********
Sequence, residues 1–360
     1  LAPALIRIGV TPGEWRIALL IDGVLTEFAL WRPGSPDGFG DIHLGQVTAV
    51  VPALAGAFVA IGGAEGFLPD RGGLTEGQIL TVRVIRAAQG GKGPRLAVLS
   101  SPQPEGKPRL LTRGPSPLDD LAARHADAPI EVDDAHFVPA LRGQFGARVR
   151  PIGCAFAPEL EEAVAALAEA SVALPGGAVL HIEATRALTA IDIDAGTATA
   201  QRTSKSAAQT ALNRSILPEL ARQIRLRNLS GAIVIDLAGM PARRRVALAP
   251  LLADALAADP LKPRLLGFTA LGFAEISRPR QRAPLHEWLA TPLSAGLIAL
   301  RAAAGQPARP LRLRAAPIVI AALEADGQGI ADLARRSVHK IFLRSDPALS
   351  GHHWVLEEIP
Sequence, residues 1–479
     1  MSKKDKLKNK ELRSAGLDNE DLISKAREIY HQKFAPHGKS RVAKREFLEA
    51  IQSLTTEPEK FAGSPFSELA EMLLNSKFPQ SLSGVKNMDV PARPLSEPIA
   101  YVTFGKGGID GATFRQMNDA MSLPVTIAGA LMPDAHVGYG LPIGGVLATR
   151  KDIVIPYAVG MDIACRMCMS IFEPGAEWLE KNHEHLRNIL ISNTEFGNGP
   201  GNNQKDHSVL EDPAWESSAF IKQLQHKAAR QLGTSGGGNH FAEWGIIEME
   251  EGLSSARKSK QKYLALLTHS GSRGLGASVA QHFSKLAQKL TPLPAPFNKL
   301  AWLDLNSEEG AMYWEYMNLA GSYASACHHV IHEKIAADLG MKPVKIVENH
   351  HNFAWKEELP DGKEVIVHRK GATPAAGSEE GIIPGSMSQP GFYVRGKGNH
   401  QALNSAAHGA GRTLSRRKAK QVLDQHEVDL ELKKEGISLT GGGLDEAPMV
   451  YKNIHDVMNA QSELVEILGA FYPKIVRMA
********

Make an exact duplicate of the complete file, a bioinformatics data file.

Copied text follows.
Sequence, residues 1–360
     1  LAPALIRIGV TPGEWRIALL IDGVLTEFAL WRPGSPDGFG DIHLGQVTAV
    51  VPALAGAFVA IGGAEGFLPD RGGLTEGQIL TVRVIRAAQG GKGPRLAVLS
   101  SPQPEGKPRL LTRGPSPLDD LAARHADAPI EVDDAHFVPA LRGQFGARVR
   151  PIGCAFAPEL EEAVAALAEA SVALPGGAVL HIEATRALTA IDIDAGTATA
   201  QRTSKSAAQT ALNRSILPEL ARQIRLRNLS GAIVIDLAGM PARRRVALAP
   251  LLADALAADP LKPRLLGFTA LGFAEISRPR QRAPLHEWLA TPLSAGLIAL
   301  RAAAGQPARP LRLRAAPIVI AALEADGQGI ADLARRSVHK IFLRSDPALS
   351  GHHWVLEEIP
Sequence, residues 1–479
     1  MSKKDKLKNK ELRSAGLDNE DLISKAREIY HQKFAPHGKS RVAKREFLEA
    51  IQSLTTEPEK FAGSPFSELA EMLLNSKFPQ SLSGVKNMDV PARPLSEPIA
   101  YVTFGKGGID GATFRQMNDA MSLPVTIAGA LMPDAHVGYG LPIGGVLATR
   151  KDIVIPYAVG MDIACRMCMS IFEPGAEWLE KNHEHLRNIL ISNTEFGNGP
   201  GNNQKDHSVL EDPAWESSAF IKQLQHKAAR QLGTSGGGNH FAEWGIIEME
   251  EGLSSARKSK QKYLALLTHS GSRGLGASVA QHFSKLAQKL TPLPAPFNKL
   301  AWLDLNSEEG AMYWEYMNLA GSYASACHHV IHEKIAADLG MKPVKIVENH
   351  HNFAWKEELP DGKEVIVHRK GATPAAGSEE GIIPGSMSQP GFYVRGKGNH
   401  QALNSAAHGA GRTLSRRKAK QVLDQHEVDL ELKKEGISLT GGGLDEAPMV
   451  YKNIHDVMNA QSELVEILGA FYPKIVRMA